Although they formed in 2011 in Melbourne, Australia, King Gizzard & the Lizard Wizard's sense of unfettered sonic exploration makes them easy to mistake for a long-forgotten relic of the psych explosion of the '60s. With a far-out sound that, at times, feels barely held together, King Gizzard evoke the eclectic rock experimentation of Frank Zappa's early work with the Mothers of Invention as they follow their musical flights of fancy wherever they might go, and let the rest just fall into place on its own. In 2012, King Gizzard released 12 Bar Bruise, which they followed up just five months later with 2013's Eyes Like the Sky, which the band somewhat enigmatically self-described as a "spaghetti western audio book." A third full-length, Float Along, Fill Your Lungs, was released in 2013 and was quickly followed by 2014's Oddments and I'm in Your Mind Fuzz. Still working fast, they released an EP in early 2015. Titled Quarters, it featured four trippy songs that each timed out exactly as 10:10. Later that same year they released yet another album, Paper Mâché Dream Balloon.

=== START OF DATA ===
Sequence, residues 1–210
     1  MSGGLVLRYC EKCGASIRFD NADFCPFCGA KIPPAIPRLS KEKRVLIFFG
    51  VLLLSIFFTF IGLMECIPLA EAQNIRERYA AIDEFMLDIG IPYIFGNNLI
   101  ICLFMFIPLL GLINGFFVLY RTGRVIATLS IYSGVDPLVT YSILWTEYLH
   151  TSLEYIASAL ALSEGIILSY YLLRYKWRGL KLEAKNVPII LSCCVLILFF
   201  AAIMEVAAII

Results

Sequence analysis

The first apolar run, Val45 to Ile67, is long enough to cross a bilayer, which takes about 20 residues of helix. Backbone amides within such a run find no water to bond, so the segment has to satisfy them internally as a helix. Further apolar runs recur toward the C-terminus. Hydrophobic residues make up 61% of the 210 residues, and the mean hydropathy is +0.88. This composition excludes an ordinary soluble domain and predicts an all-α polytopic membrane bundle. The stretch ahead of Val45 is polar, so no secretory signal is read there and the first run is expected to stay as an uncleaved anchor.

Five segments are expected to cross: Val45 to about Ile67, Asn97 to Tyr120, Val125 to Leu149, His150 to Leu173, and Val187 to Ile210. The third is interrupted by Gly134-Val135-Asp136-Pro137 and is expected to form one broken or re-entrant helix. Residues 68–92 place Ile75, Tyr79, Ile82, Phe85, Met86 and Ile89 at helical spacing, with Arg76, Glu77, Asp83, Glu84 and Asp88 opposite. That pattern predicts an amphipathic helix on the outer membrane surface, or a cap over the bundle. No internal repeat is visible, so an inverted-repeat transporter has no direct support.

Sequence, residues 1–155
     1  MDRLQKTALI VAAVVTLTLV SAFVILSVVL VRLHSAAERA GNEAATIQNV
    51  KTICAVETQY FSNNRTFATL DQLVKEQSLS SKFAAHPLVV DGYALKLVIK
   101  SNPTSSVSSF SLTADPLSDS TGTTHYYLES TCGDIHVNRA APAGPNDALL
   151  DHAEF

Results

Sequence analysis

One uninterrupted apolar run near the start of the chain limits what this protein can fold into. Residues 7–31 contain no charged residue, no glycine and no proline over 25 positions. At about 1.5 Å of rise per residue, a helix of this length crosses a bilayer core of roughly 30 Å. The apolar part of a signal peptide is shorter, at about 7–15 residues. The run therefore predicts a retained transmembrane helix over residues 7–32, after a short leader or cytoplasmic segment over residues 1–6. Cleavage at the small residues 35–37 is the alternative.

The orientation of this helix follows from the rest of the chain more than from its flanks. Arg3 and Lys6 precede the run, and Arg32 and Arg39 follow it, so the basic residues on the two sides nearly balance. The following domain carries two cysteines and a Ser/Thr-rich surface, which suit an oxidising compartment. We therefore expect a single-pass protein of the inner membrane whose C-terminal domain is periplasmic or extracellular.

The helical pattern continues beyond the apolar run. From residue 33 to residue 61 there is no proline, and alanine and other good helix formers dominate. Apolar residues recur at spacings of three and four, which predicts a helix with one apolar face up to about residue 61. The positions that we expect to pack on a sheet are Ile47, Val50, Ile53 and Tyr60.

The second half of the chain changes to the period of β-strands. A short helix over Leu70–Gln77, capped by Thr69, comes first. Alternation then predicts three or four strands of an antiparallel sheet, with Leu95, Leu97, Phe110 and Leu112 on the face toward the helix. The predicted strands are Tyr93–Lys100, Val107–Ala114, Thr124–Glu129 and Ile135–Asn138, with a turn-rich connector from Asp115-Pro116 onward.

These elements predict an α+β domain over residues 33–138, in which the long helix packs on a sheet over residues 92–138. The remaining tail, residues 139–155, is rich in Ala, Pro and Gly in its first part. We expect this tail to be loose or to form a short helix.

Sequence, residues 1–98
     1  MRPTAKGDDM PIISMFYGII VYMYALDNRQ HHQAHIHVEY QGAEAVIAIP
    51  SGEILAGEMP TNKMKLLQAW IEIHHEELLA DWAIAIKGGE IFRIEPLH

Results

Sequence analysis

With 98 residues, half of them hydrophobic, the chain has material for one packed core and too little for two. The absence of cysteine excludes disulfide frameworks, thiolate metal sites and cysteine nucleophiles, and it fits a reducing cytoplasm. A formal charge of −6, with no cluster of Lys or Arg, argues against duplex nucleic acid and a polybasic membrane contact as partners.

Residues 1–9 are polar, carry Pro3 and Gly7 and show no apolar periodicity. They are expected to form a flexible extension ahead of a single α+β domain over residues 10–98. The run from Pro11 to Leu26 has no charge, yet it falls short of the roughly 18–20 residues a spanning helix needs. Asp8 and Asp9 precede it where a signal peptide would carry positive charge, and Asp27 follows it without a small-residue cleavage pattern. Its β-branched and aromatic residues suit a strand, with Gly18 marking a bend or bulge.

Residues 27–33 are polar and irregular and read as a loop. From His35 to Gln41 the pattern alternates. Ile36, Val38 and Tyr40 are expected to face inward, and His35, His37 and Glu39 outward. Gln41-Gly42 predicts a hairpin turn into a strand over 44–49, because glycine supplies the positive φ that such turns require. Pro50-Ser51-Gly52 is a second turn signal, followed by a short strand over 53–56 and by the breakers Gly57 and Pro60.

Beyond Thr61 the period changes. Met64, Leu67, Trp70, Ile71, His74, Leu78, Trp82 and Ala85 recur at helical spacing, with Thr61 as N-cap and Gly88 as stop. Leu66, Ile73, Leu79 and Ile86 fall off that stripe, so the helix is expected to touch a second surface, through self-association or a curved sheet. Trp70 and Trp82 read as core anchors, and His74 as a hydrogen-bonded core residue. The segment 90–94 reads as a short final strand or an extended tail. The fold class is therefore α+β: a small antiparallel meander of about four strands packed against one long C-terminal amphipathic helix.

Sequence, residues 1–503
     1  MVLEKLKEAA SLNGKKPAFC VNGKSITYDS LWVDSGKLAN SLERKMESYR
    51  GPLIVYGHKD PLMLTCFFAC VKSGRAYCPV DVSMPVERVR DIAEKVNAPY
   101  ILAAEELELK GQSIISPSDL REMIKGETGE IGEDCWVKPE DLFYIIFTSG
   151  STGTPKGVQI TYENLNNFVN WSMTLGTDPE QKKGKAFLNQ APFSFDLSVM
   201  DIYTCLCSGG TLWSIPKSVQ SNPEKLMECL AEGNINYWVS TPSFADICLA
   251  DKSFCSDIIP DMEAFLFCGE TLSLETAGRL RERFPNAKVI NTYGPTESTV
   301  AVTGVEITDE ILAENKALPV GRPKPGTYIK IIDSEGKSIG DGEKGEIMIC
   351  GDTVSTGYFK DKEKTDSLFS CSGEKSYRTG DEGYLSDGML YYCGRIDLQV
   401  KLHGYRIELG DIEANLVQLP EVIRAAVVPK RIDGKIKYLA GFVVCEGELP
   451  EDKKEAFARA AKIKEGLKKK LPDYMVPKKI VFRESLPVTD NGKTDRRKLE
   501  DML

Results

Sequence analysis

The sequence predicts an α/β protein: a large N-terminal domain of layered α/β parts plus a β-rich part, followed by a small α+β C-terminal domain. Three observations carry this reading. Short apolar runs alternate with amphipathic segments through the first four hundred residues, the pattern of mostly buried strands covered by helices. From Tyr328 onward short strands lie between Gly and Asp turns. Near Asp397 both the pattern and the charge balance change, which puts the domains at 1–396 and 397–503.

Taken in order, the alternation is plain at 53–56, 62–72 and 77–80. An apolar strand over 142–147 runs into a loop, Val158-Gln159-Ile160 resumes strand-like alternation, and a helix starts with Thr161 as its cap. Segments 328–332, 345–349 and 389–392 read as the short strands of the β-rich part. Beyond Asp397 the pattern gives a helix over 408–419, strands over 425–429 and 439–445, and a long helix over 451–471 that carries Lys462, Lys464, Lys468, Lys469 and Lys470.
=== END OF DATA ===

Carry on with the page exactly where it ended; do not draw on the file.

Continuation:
Now signed to ATO Records, their sound took a detour from expanded jams and fuzzy freakouts to tightly constructed, but still weird, pop songs played exclusively on acoustic instruments. The follow-up album, Nonagon Infinity, was recorded at Daptone Studios and featured some of the band's heaviest, most forceful psych-rock to date. The 2016 release was recorded so that one track bleeds into the next, then jumps back to the beginning after the last song. They tout it as the "world's first infinitely looping album." The band spent time after the album's release touring, but also getting five albums ready for release in 2017. On the first of them, Flying Microtonal Banana, King Gizzard decided to investigate microtonal tuning, a non-Western way of tuning that involves intervals smaller than a semitone. They had a custom-made guitar gifted to them, then the bandmembers bought new gear and altered the instruments so they could be microtuned in a way that made them compatible. ~ Gregory Heaney